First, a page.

pencil, ink, pastel
Melpomene, in Greek mythology, is one of the nine Muses and the protector of poetry and art. She was the Muse of tragic poetry, that is, what we have today come to know as tragedy, a genre of drama in theatre. From Antiquity until the modern times, when her depictions became less frequent, Melpomene’s attributes – objects that distinguished her from other Muses – have been a tragic mask and an ivy wreath round her head. It is interesting that the tragic mask that Melpomene holds in her hand is actually a male bearded face with a mouth distorted in a painful grimace. The calmness that emanates from Melpomene’s body position and facial expression is in stark contrast to the image of the distorted male face on the mask, so this ancient scene can today carry a completely different, even feminist, meaning.
In Vjera Lalin’s drawing, an artist from Zagreb who graduated from the Academy of Fine Arts in 1974, there is no trace of this ancient tradition. Melpomene herself, who has for centuries been portrayed as a true protector and goddess – in ancient images she stands upright and dignified, and her face is calm – is here portrayed as a half-nude woman. Moreover, in Vjera Lalin’s drawing, Melpomene is not only depicted without an ivy wreath on her head, but her head is bald. Since this is an image of two very similar half-nude women, the observer cannot be sure which of them is the protector of tragic poetry, but given the peculiarity of the scene that is actually not so important. Is it a criticism of the impotence of art to express the tragedy of contemporary life, or does it ironize the norm which dictates that in fine arts everything must be depicted as harmonious and appealing, even in situations that are far from either beauty or harmony, we cannot be sure. Either way, it is an exceptional drawing that refers to tradition, but stands out from all representational standards.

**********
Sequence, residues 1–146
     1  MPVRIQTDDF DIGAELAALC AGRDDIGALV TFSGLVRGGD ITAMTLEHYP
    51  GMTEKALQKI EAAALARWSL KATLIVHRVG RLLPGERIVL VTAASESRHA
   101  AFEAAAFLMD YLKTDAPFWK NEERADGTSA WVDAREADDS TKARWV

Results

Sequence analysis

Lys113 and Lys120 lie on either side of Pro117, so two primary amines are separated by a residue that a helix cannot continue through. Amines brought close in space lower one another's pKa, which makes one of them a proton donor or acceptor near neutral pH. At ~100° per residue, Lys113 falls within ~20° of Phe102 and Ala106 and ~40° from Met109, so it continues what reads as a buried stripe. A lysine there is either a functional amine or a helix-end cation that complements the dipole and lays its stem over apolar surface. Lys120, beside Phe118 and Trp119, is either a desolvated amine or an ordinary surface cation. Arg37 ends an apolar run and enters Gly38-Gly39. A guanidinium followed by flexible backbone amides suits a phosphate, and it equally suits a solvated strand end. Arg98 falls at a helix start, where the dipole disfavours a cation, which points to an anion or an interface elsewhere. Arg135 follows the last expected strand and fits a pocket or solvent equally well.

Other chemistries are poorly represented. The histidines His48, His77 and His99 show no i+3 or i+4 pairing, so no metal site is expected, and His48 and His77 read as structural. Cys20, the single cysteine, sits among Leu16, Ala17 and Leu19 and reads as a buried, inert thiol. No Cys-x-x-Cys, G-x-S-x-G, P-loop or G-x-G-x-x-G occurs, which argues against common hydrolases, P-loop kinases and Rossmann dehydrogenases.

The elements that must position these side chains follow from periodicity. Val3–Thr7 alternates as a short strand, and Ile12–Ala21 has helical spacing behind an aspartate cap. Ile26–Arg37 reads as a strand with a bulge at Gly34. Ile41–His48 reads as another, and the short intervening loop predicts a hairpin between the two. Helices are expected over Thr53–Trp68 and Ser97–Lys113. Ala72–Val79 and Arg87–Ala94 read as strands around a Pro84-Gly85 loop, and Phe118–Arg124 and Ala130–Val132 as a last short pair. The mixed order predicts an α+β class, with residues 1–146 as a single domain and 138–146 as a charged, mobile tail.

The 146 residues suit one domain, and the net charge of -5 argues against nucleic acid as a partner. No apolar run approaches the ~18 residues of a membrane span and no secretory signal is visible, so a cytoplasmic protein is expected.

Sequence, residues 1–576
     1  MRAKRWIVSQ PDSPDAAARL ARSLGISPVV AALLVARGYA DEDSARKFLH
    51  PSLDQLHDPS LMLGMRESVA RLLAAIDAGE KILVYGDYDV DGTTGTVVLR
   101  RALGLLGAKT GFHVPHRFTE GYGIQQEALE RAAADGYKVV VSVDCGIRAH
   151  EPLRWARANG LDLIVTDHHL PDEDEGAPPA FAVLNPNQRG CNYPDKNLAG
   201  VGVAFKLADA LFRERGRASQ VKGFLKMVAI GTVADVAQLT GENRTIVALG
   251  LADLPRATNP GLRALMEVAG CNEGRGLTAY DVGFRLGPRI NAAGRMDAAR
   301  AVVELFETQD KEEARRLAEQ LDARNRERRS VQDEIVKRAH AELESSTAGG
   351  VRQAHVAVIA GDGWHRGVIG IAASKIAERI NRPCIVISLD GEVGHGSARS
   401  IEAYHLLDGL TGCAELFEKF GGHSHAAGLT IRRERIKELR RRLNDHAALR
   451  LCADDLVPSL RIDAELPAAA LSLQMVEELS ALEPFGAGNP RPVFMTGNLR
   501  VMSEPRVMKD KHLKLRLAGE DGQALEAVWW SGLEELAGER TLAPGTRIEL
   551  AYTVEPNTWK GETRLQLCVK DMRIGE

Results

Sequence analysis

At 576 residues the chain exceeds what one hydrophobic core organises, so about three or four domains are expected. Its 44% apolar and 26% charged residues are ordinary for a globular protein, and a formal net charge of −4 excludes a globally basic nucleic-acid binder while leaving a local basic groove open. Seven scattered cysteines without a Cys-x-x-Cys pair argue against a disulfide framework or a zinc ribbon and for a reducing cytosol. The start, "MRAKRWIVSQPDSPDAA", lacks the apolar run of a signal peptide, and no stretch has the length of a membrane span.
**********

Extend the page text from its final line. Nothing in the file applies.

Text: Klaudio Štefančić, curator of the National Museum of Modern Art © National Museum of Modern Art, Zagreb 2022
Translated by: Robertina Tomić
Photo: Goran Vranić © National Museum of Modern Art, Zagreb 2022